I’m getting married next week. Most of the wedding planning is done (but, oy, the table assignments, they continue to plague me!) and now the fun conversations are not about planning a one-day event, but rather planning the rest of our lives together.
Jewish ritual is complicated. Take the most recent ritual we just celebrated, the seder. It has 14 steps, each of which is to be done in a certain order and in a certain way, and it’s easy to get confused. First, we wash our hands without a blessing, but later, we do wash with a blessing. We ask, “Wait, do I eat the maror with the charoset now, or later?” Even more simply, we might ask, “Which line of Dayeinu are we on now?”
We read in Pirke Avot, the Ethics of the Sages: “Who is happy?” The answer: “The one who is satisfied with one’s lot.” But what happens when one’s lot comes to be measured by a lot… of stuff? I recently helped an older woman empty her very large (and stuffed) home as she prepared to move to assisted living. The sheer mass of her collection of material possessions made my head spin. Her home was replete with closets and storage spaces, shelves and unused rooms, all of which were packed. Yards of fabric, disused decorations, books and magazine clippings, three sewing machines and everything else you can imagine — enough to fill a 40-foot dumpster — and that was after the estate sale and the huge Free-Cycle giveaway, at both of which, deal-seekers lined up over a two hours before the doors opened. It gave me shivers to see people plying through every crack and crevice of the house seeking the item they imagined would garner an untold fortune on the “Antiques Road Show.”
I did not fast during Ramadan. But I did somehow experience a little bit of the meaning of the Muslim holy month that just ended a few days ago. The ebb and flow of the fast days was in my consciousness. The daily hunger and the spiritual uplift of the faithful were on my mind. I learned a tiny bit about the meaning of this month, about being conditioned through the fast to feel empathy for the poor who don’t have enough to eat. When the muezzin called just after the sun went down each day, I listened and thought of the parched throats praying and then easing their thirst and hunger. And although I did not fast, I participated in many iftar/break-fast meals with my Muslim friends. My neighbors became a little bit a part of me, and I became a little bit a part of them.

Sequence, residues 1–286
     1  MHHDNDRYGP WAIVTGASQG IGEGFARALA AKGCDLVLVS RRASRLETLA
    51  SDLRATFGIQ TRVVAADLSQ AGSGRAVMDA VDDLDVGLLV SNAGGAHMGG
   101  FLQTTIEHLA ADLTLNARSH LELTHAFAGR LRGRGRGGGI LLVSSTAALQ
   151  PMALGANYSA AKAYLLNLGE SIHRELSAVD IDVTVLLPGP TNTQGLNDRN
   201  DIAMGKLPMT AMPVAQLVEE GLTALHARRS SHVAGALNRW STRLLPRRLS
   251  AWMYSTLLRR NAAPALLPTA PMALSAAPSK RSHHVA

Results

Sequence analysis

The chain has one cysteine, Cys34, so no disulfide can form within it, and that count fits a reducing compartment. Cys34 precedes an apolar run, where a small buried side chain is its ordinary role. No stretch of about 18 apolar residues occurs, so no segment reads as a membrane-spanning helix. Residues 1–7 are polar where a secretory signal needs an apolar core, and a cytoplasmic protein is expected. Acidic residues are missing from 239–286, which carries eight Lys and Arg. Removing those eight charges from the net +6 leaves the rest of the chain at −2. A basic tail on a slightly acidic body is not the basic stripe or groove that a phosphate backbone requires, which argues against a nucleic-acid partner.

For all the spiritual riches of religious tradition, sometimes we forget our spiritual essence – the spark of divinity we associate with each soul, the inherent Oneness connecting all things, the heightened reality hiding in plain sight. Our penchant for spiritual amnesia is less a Jewish frailty than a human one: after all, to forget is human. Each world wisdom tradition, in its own way, calls us to “remember” (Hebrew: zachor; Arabic: zikr) – and then live in ways that help remind us.
A few months ago, even though I’m afraid of heights, I joined the local rock gym. No, I had never been rock climbing before – it just seemed like a fun activity I could do together with my partner. But before we were allowed to climb on our own, we had to pass a series of small tests given by staff at the gym. The first lesson was “mat placement,” i.e., how to move the gym mats right under the highest part of our climb so that if we fell, we wouldn’t get seriously hurt.
What number comes to mind when you think about a Passover seder? Probably four. Four cups of wine. Four questions. Four sons. Especially those four troublesome sons. But they are challenging in the best possible way because they furrow our brows and engage and embarrass us, awake and inspire us. To paraphrase very simply:
Maybe you can relate. For the last few months I’ve attached a small device that counts my every step. At the end of the day, I can always tell just how far I’ve gotten and how much progress (or lack thereof) I’ve made. It is a good feeling to be able to see the forward motion.
One of the most oft-repeated themes of the Torah is that we must remember that we were slaves and strangers in the Land of Egypt, and that God redeemed us with an out-stretched hand. This theme is subdivided into two, but it bears one overarching message that the Torah comes back to again and again.